The refusal to negotiate. The opposition to seemingly noncontroversial ideas. The snubs of anyone perceived to be in disagreement.
It’s almost as if Paul LePage is still governor of Maine.
Republican LePage, who served as the state’s chief executive from 2011 to 2019 (and ran unsuccessfully for another term in 2022), has been exiled to Florida or some other place where irrationality is in fashion. The governor currently ensconced in the Blaine House with a “Do Not Disturb” sign on the door is actually Democrat Janet Mills.
There are increasing signs Mills must have been exposed to the crazy cooties LePage left behind. When it comes to dealing with issues affecting Wabanaki people in Maine, she’s been performing a stunning imitation of her predecessor.
In early March, Mills sent one of her minions to a legislative committee hearing on a bill to restore language to the printed version of the state Constitution concerning treaties with Indigenous People. Those sections were part of the document from statehood in 1820 until a constitutional convention in 1876, when they were removed for reasons nobody claims to know.
Best guess: The white guys running the state hated Indians.
The move to return the wording to the Constitution was mostly symbolic, since the deleted paragraphs have remained part of the law. Putting them back in print wouldn’t change the relationship between the tribes and the state in any way. But it would have been a small show of respect.
Inexplicably, the Mills administration argued that act would be “a misguided attempt to right a historical wrong that never occurred.”
Except it did occur, and only someone infected with LePage Derangement Syndrome could think otherwise. Mills’ action was pointlessly provocative.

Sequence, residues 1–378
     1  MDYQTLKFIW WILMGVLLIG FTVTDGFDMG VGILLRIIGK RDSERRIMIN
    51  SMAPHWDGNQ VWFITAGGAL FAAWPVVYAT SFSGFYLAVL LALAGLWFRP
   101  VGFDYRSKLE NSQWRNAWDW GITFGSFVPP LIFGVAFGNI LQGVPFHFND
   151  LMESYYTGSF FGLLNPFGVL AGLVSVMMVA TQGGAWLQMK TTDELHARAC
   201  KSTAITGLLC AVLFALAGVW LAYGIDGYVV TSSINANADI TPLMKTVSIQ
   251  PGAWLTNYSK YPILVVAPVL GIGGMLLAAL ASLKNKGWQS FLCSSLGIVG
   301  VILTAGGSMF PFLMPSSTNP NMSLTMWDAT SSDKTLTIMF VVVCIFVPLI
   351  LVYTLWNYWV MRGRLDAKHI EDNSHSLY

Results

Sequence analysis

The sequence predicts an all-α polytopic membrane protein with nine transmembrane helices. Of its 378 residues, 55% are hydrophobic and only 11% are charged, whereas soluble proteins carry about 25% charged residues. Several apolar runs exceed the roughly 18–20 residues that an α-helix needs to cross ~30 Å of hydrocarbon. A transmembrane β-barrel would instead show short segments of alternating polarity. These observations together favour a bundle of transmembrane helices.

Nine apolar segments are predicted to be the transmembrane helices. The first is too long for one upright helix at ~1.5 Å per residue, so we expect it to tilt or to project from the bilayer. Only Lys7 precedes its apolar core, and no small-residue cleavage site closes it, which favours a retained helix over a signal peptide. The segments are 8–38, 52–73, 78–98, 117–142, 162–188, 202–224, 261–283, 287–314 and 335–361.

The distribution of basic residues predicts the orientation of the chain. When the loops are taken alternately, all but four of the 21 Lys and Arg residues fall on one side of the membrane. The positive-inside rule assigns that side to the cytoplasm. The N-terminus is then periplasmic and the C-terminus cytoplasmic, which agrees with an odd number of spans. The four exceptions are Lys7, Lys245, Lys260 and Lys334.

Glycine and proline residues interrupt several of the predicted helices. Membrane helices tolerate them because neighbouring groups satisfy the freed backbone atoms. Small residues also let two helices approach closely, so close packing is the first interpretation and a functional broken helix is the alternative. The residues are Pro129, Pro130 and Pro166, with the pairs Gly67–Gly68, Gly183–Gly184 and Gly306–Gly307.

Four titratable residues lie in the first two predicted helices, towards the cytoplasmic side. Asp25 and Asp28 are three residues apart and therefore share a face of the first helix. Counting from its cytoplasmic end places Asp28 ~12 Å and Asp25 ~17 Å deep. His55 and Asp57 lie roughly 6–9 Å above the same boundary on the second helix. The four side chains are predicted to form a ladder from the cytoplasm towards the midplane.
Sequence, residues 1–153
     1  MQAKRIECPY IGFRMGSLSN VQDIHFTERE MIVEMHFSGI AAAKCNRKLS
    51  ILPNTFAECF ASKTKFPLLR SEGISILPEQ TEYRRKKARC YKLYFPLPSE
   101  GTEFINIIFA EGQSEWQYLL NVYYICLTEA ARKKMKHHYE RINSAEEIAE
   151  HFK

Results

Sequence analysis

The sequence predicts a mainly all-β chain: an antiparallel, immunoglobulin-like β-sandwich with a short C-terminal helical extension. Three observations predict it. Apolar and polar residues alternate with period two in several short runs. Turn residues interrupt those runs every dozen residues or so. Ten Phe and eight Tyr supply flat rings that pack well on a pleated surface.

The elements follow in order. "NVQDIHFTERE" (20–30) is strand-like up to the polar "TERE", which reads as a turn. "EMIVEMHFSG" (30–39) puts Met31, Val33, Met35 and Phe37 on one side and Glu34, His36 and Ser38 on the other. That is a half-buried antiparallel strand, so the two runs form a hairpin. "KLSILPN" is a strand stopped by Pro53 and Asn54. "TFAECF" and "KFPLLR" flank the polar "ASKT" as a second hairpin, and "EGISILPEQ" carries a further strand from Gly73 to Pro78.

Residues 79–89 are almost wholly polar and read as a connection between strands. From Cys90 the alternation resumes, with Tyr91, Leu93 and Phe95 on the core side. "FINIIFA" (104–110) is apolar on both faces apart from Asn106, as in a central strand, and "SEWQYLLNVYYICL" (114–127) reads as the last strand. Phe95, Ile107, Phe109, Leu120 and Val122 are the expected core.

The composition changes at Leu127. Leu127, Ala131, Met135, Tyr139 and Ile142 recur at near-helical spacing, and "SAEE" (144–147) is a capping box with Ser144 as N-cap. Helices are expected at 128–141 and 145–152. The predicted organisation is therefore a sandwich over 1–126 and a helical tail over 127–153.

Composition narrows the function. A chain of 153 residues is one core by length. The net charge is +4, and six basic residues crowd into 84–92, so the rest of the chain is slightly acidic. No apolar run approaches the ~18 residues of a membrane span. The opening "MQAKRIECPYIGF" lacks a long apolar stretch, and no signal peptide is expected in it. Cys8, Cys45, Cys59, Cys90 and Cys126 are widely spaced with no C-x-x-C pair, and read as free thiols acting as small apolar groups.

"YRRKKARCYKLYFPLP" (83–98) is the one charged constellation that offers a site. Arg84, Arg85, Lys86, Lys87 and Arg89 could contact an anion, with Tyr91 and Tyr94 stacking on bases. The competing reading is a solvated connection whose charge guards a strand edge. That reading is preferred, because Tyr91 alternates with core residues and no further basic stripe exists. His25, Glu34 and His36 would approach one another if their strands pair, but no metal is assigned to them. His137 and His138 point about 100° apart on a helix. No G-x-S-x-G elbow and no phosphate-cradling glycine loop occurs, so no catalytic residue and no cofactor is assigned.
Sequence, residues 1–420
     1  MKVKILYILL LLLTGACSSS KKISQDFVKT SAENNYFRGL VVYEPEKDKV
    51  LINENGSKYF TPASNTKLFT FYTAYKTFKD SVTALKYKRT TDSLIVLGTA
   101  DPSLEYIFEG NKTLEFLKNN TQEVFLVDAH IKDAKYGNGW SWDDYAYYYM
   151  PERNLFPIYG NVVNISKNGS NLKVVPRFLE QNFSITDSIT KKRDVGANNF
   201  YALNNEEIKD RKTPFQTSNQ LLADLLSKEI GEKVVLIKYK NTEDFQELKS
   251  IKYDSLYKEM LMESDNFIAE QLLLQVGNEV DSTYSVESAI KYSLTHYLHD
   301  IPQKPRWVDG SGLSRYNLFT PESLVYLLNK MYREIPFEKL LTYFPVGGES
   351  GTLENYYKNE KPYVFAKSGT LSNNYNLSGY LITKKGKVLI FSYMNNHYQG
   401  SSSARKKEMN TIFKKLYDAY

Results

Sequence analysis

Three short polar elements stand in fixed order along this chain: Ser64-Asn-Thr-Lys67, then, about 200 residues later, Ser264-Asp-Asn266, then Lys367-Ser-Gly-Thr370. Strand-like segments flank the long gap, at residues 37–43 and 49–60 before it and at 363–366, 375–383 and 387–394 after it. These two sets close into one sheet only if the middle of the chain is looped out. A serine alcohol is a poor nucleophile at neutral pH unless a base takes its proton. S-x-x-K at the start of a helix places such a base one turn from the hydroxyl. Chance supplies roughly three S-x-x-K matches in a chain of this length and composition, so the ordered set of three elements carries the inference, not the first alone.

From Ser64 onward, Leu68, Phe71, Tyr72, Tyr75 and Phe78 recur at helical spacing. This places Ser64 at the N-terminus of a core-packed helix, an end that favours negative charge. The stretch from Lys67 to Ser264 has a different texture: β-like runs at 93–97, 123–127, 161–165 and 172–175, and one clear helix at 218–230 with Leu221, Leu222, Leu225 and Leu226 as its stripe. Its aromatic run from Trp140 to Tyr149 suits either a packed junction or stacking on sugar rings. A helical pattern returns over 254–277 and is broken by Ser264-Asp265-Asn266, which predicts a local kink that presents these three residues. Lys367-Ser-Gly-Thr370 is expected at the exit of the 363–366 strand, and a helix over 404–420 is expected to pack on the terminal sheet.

The feverish governor wasn’t close to done with that approach. A week later, she announced she wouldn’t be attending the State of the Tribes Address before the Legislature, only the second time in history the Wabanaki tribes had been afforded that opportunity. Mills said she had a scheduling conflict, possibly seeking inspiration by delving into LePage’s long history of insults to minorities.
Unlike Mills, the tribal representatives were respectful in their speeches, although they were clear they wanted the state to grant them the full sovereignty that all other tribes in the United States enjoy. Last year, Mills had used strong-arm tactics to derail a bill that would have done that.
At this point, Rachel Talbot Ross, the sponsor of the sovereignty bill and now the Democratic speaker of the House, had had enough. Previous efforts to right the wrongs done to tribes in Maine had involved extensive negotiations with the governor in order to avoid a veto. Now, the dynamic had changed.
Talbot Ross had given up on the possibility of convincing Mills to support major changes to the 1980 Indian Land Claims Settlement Act that rendered the tribes something akin to municipalities, entities with only minimal control over their economies and environments. Instead, she began to court Republicans in an effort to pass a sovereignty measure with enough votes to override a veto.
To accomplish that, Talbot Ross will have to tempt at least 17 GOP House members to help embarrass the Democratic governor by setting aside their party’s traditional animosity toward increasing Indigenous rights. House Republican Leader William Robert Faulkingham (who inexplicably prefers to be called “Billy Bob”) seems to think that’s possible.
Faulkingham told the Bangor Daily News, “If we get a good bill out of this that corrects the things that were wrong about the 1980 settlement act, we don’t really see why there would be any opposition to it.”
At this writing, details of the reimagined sovereignty bill had yet to be released, but what’s clear is legislators of both parties and the tribes are trying to work out an agreement without involving somebody who has heretofore been central to the debate, namely Mills.
Legislative insiders say there’s a reasonable chance of veto-proof House support, but the Senate is a couple votes short. Mills is expected to bring intense pressure to prevent an override.
If that doesn’t work, the governor will find herself alone in her state-owned mansion with nothing to comfort her but the lingering stench of LePage’s nasty legacy.
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